There are three critical factors in assessing carbonate reservoirs, and of course they are somewhat linked to each other. Lithology, porosity, and water saturation determine everything else about the reservoir. All three tend to be more variable than in the sand shale environment. Lithology variations may occur in fairly thin beds. Even the prolific reservoirs in the Middle East suffer from this problem. Porosity can range from near zero to the mid thirties; all petrophysical answers are very sensitive to minor errors and parameter changes at low porosities.

Finally, the pore geometry can vary dramatically from one level to the next, causing changes in irreducible water saturation and permeability Electrical properties are seldom constant. Fractures may influence the apparent saturation numbers, requiring some extra effort.

And oil companies are getting lazy - we don't collect enough data to solve some of these problems, assuming that the data in ancient well files can be found and will answer all questions reliably. This just doesn't happen in real life. Try to find a particular special core analysis or the sample description record from 50 years ago. Lab work is better today. Geological concepts have changed. Conventional wisdom of the 1950's and 60's has moved on. So we need new data to improve accuracy in our analysis.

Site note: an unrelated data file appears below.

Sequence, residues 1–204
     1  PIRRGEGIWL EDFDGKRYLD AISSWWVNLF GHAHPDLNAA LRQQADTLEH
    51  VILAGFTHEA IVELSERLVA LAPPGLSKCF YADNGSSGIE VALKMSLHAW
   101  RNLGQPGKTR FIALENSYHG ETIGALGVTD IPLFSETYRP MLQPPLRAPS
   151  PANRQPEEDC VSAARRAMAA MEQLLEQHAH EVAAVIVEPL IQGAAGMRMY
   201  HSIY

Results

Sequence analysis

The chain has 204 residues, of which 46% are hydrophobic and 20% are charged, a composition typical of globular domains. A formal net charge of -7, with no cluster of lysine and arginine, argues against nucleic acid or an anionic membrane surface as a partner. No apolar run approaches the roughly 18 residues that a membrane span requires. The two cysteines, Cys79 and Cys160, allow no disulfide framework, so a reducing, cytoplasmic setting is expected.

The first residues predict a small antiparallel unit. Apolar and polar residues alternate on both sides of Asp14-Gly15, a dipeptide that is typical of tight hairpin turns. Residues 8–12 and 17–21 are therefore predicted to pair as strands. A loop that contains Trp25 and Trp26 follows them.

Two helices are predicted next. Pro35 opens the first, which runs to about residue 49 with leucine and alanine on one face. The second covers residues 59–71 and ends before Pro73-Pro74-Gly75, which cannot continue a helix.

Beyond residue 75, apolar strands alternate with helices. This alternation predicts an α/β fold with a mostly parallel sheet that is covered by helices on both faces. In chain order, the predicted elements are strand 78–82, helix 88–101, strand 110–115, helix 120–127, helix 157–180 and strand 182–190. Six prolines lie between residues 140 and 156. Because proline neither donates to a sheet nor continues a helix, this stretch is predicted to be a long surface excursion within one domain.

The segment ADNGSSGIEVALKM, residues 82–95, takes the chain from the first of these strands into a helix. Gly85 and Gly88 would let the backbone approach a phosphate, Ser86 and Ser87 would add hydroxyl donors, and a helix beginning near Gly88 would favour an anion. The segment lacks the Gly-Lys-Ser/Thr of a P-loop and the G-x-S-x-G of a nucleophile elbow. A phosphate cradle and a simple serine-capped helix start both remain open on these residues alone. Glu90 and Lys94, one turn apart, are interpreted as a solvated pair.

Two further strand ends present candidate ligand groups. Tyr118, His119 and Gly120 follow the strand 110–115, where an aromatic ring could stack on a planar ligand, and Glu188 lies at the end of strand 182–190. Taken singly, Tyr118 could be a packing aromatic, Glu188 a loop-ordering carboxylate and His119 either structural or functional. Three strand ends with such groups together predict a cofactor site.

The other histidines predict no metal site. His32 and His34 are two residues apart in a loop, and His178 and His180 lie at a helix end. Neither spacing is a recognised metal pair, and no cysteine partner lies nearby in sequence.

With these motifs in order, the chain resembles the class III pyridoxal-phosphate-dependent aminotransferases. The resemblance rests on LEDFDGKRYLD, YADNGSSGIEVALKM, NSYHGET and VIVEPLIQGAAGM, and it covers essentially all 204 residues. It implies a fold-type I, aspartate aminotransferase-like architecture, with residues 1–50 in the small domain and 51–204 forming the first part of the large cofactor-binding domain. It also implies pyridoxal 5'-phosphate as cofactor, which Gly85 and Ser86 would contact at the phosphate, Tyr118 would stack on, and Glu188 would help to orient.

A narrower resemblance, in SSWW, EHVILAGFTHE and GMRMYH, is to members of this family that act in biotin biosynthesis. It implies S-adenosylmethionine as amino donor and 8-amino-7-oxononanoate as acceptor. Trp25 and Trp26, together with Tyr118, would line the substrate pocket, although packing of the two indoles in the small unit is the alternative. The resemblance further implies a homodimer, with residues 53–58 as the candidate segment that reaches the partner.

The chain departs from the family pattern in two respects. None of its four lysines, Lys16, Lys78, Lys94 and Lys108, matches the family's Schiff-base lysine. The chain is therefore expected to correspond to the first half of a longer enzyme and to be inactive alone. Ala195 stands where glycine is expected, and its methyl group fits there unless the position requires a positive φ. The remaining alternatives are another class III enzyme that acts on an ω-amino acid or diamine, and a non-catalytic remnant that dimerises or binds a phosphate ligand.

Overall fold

This example does not have any new data except the logs and a sad well test. All parameters are based on "world-average" numbers tuned to the area by years of experience. The lithology consists of layers of anhydrite, dolomite, and some limestone. Porosity is moderate to zero. Although thin, some low porosity layers act as traps within the overall reservoir, just as they do in the Arab D and other carbonates in the Middle East.

The reservoir has been in production since 1954 but new wells continue to find pockets of porosity at initial reservoir pressure. What does that tell you about reservoir continuity? You are bound to find depleted zones as well. This example has both, separated by an almost invisible tight streak. The upper oil layer is depleted and tested water. The lower zone is at irreducible water saturation and would probably produce clean oil if good isolation between it and the upper zone could be maintained. Since the oil lies under a wetter zone, there appears to be no fracture connecting them, although natural fractures are known in the area.

Full size logs are shown below. See what you can see about the M1 and M3 zones before you look at the answer plot.

Deep and shallow resistivity logs. Contrast resistivity of M1 and M3 intervals with each other and with water zones higher in the section.

Density neutron log. Compare porosity between M1 and M3. Can you see the tight streak between them? Dots are core data points.

Computed results for carbonate example. Note higher water saturation on M1 compared to M3. M3 is bypassed pay. M1 is depleted oil. Dots are core data. Note that residual oil on core in M1 matches calculated
Sor = (1 - SW). In M3, Sor on core is less than (1 - SW) from log analysis, so there is moveable oil in
 M3 interval. Calibration to core permeability needs more work to get a decent match.

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